From time to time, my office receives calls from residents concerned about the prevalence of wildlife in their neighborhoods, from deer to skunks, and everything in between.
Independent Animal Control, which provides service to Cherry Hill Township, often gives residents advice to protect their properties against intrusion from “nuisance” animals, while at the same time enabling all creatures to peacefully coexist.
In the last few weeks, I have heard from a number of residents who have had close encounters with skunks, in particular. And while these animals often tend to be harmless, they can leave behind an unpleasant legacy.
With that in mind, Animal Control has put together the following list of tips to help deter skunks and other animals from your lawn and yard as we enter the fall.
Remove food, shelter
• Be sure to remove nuts, berries and other natural food sources. Skunks are scavengers who will eat anything they can find. If you have trees that produce nuts, berries or other fruits, clean them up by raking your yard as often as necessary.
Other vegetation, such as grass clippings, may also contain food sources for the animals, and should be discarded as soon as possible.
• If you have a garden, harvest ripe fruit and vegetables as soon as you can.
• Use a tray under your bird feeder to catch most of the seeds, and clean up any stray seeds dropped by birds.
Protect your waste
• Animals will eat garbage, so it’s important to keep your trash cans properly sealed. Sometimes regular garbage cans simply won’t do; in this case, you can buy locking cans at your local home improvement store.
• If possible, store your trash bins in a shed or in your garage at night to avoid attracting animals with their smell.
• Use an enclosed compost bin, since skunks like to eat old fruit and vegetable peels, eggshells, and other items that you may be composting
Close off hiding places
• Skunks like to make their homes under decks, porches, and in other sheltered areas. Close off appealing spaces by using rocks, fencing or plywood.
• Log piles and piles of lumber or building materials can also serve as shelter. Store the materials in a shed or bin to prevent skunks from moving in.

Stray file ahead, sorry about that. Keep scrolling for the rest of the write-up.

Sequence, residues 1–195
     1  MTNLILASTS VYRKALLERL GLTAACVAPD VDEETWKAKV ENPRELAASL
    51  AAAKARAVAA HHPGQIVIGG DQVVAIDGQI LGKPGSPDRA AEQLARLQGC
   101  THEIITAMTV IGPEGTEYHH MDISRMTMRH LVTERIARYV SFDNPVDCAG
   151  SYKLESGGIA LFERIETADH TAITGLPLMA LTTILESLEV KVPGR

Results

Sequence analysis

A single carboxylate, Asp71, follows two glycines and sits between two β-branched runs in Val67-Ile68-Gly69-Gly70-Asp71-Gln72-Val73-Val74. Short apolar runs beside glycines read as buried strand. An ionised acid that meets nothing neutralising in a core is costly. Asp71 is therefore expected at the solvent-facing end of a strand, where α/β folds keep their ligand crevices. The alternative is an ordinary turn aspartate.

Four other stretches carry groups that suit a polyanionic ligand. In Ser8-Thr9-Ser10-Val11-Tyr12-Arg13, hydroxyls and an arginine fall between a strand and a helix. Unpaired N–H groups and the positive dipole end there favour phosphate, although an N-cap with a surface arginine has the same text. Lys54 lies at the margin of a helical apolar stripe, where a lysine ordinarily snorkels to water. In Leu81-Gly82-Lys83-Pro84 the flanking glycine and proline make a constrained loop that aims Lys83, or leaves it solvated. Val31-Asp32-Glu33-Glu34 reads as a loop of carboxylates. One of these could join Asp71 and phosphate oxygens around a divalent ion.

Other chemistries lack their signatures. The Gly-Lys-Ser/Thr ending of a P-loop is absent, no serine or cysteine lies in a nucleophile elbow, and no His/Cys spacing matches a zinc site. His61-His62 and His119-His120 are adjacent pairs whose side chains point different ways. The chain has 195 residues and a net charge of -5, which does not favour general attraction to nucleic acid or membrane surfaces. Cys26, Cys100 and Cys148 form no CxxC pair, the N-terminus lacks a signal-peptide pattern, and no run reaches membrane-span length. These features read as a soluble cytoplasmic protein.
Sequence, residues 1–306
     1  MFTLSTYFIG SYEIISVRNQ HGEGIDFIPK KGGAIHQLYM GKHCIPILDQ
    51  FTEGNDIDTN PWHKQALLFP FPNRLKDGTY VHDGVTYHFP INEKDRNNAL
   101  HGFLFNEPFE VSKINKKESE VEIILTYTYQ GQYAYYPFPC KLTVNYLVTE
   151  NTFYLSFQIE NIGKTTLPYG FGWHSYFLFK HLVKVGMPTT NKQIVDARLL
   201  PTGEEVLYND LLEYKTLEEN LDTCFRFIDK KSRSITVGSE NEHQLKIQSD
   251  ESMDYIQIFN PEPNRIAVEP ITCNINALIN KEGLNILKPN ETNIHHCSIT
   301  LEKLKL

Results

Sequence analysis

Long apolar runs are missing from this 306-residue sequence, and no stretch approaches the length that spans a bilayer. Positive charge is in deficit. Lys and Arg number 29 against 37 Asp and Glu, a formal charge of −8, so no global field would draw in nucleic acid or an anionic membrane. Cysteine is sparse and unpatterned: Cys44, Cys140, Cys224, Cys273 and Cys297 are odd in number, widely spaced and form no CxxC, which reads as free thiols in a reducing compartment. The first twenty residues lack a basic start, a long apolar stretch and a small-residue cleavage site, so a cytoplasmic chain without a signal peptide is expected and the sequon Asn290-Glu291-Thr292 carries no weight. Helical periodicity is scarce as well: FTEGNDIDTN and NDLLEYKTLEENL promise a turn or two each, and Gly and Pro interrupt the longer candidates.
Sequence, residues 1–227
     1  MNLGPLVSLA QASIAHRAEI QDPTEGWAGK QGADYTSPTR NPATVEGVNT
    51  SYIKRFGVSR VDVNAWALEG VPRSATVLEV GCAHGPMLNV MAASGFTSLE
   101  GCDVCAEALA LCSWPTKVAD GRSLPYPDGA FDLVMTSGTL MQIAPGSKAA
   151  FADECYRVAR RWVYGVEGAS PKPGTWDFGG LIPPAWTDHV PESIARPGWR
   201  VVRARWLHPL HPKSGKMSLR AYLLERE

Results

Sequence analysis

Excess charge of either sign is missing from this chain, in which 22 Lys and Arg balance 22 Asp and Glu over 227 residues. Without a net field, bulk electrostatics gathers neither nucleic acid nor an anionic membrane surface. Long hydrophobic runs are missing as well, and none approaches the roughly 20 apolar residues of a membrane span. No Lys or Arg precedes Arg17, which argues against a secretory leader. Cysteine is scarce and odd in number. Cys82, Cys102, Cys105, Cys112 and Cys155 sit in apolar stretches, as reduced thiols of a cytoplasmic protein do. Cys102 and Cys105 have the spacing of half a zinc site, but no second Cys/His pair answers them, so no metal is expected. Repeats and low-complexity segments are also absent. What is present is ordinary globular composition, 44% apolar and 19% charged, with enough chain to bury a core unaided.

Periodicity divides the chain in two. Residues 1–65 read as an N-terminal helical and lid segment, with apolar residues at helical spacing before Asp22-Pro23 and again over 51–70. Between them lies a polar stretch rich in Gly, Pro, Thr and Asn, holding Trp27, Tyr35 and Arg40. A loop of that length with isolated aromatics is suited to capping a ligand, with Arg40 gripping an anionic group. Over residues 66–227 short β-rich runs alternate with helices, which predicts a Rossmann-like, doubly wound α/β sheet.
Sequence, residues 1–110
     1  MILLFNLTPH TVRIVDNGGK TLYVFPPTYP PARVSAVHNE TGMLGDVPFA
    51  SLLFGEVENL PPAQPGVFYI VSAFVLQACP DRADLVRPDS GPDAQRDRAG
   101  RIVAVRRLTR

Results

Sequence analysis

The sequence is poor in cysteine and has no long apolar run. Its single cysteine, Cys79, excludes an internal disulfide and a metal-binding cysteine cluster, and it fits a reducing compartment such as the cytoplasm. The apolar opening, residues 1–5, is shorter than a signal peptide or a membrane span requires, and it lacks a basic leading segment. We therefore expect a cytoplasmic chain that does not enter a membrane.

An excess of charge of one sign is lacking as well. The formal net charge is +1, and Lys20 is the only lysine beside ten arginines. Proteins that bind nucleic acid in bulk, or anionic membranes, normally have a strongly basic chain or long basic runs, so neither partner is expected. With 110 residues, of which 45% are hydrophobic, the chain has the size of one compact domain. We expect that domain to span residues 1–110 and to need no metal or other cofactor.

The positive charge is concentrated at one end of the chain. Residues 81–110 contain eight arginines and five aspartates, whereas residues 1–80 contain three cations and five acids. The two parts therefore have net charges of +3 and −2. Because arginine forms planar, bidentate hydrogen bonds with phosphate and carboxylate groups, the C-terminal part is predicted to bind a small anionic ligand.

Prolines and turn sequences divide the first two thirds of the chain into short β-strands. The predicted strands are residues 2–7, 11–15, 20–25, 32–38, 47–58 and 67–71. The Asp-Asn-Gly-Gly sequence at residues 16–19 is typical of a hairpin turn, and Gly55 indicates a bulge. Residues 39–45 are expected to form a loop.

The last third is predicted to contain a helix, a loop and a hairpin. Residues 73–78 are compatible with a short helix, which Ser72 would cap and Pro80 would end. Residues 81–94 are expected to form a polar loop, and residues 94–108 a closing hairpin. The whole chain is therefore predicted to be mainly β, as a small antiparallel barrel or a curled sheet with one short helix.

• Large bushes are also good shelters for skunks, so it’s a good idea to keep branches trimmed on low-hanging vegetation.
• Install lights in your yard to make it much less appealing — but considering using solar or other energy-saving lighting to avoid paying high electric bills to keep the lights running all night.
• You could also install a motion sensor that gets tripped when a skunk or another creature comes close.
In this case, the skunk will have to enter your property for the light to work as a deterrent.
Use substances to repel
Several substances are known to be offensive to skunks.
Speak to a specialist at a home improvement store if you’re unsure of the best option for your home. Place these substances around the edges of your yard, and be sure to re-apply every few days, especially after a heavy rain.
• Fox and dog urine deters skunks, and home improvement stores carry sprays.
• Pepper sprays, also sold to repel squirrels and other creatures, are effective skunk repellents. Spray them on trees and areas where you’ve seen skunks.
• Ammonia deters skunks. Soak old rags in ammonia and place them under your deck or porch to keep skunks from coming in.
• For a more natural solution, you can scatter orange or lemon peels around your property, or under your deck or porch.
Residents should contact Animal Control directly to report animals that are displaying symptoms such as limb paralysis, circling, boldness/unprovoked aggression, disorientation or staggering, foaming at the mouth and uncharacteristic tameness — all of which can be signs of rabies. Although skunks are mostly nocturnal, they sometimes look for food during the day; you do not need to be concerned if you see an adult skunk during the day unless it is displaying abnormal behavior.
To report a suspected rabid animal, call Animal Control at 718–3050. Please remember that my door is always open if you have additional questions or concerns. Cherry Hill is home to a variety of diverse species of plant and wildlife, and it is my hope that we will all be able to coexist with a little fine-tuning!